Spruce Nature Trail in Olympic National Park

Spruce Nature Trail in Olympic National Park

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If you are visiting the remote Hoh Rain Forest in Olympic National Park, taking a hike on the Spruce Nature Trail should definitely be on your list.  This short hike introduces you to the area by getting hikers up close and personal with the rain forest (that gets over 10 feet of annual precipitation!) without too much effort.  On this hike you’ll see plenty of green trees, ferns and moss and may even be lucky enough to happen upon some wildlife!  Plus, we believe it’s one of the best hikes in Olympic National Park if you are looking for something easy.

Spruce Nature Trail in Olympic National Park

While the Hoh Rain Forest is actually quite time-intensive to get to, it offers a very different view from what you’ll see in the Port Angeles area (near Hurricane Ridge) or near Lake Crescent.  And it’s wildly different from nearby Kalaloch Beach, which is just a few miles to the west.

This short loop trail is more than worth the few minutes if you have the chance to check it out.


  • Difficulty: Easy
  • Distance: 1.4 miles (round-trip)
  • Trail: Loop
  • Elevation gain: 10 feet
  • Peak elevation reached: 610 feet
  • Best time of year to hike: Late spring to early fall
  • To beat the crowds: Arrive before 10:00 am or after 4:00 pm
  • Footwear: Sneakers
  • Watch out for: Mosquitoes
  • Restrooms: Located at the trailhead, but not on the trail
  • Pets: Not allowed
  • Time needed: 45 to 60 minutes


olympic national park itinerary

The Spruce Nature Trail is one of many things to do in the area and one of dozens of things to do in Olympic National Park.  Download our extensive Olympic National Park Itinerary to help you know what to do, what to pack and what to do while you are visiting this amazing park.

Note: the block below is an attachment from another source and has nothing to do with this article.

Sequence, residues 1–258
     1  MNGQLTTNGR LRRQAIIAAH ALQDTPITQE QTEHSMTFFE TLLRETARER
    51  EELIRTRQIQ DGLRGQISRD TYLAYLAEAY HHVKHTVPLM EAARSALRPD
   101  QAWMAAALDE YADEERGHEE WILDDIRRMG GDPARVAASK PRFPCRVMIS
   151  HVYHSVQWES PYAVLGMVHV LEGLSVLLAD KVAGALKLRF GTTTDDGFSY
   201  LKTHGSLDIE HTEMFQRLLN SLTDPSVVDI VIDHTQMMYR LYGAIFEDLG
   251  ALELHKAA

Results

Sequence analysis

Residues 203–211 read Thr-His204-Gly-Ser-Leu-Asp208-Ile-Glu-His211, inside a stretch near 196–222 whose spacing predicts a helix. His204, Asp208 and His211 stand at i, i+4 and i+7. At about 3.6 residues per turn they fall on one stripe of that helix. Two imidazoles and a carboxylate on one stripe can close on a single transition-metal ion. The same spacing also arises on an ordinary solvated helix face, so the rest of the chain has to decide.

spruce nature trail and hoh rainforest parking area

Spruce Nature Trail parking area, courtesy of the National Park Service

The trailhead for the Spruce Nature Trail is in the western portion of Olympic National Park, but it takes a bit of work to get here.  It’s about 30 miles inland from the coast (as the crow flies).  To get here, you have to drive on Highway 101 until south of Forks, WA before heading east on Upper Hoh Road.  Upper Hoh Road ends at the Hoh Rain Forest Visitor Center.

The parking lot for the Visitor Center has space for about 100 vehicles.  Most of the time, parking is not a problem, but be ready for some crowds on the weekends (especially when the weather is nice).  The parking area is for the Visitor Center and for the local hikes.  Some of the hikes from here are full-day (if not longer), but the two main hikes are about a mile, so spots will open up quickly if you are patient.

Restrooms are available at the Visitor Center, but they are not present on the trail.  Though the hike is short, expect to take your time meandering and checking out the trees!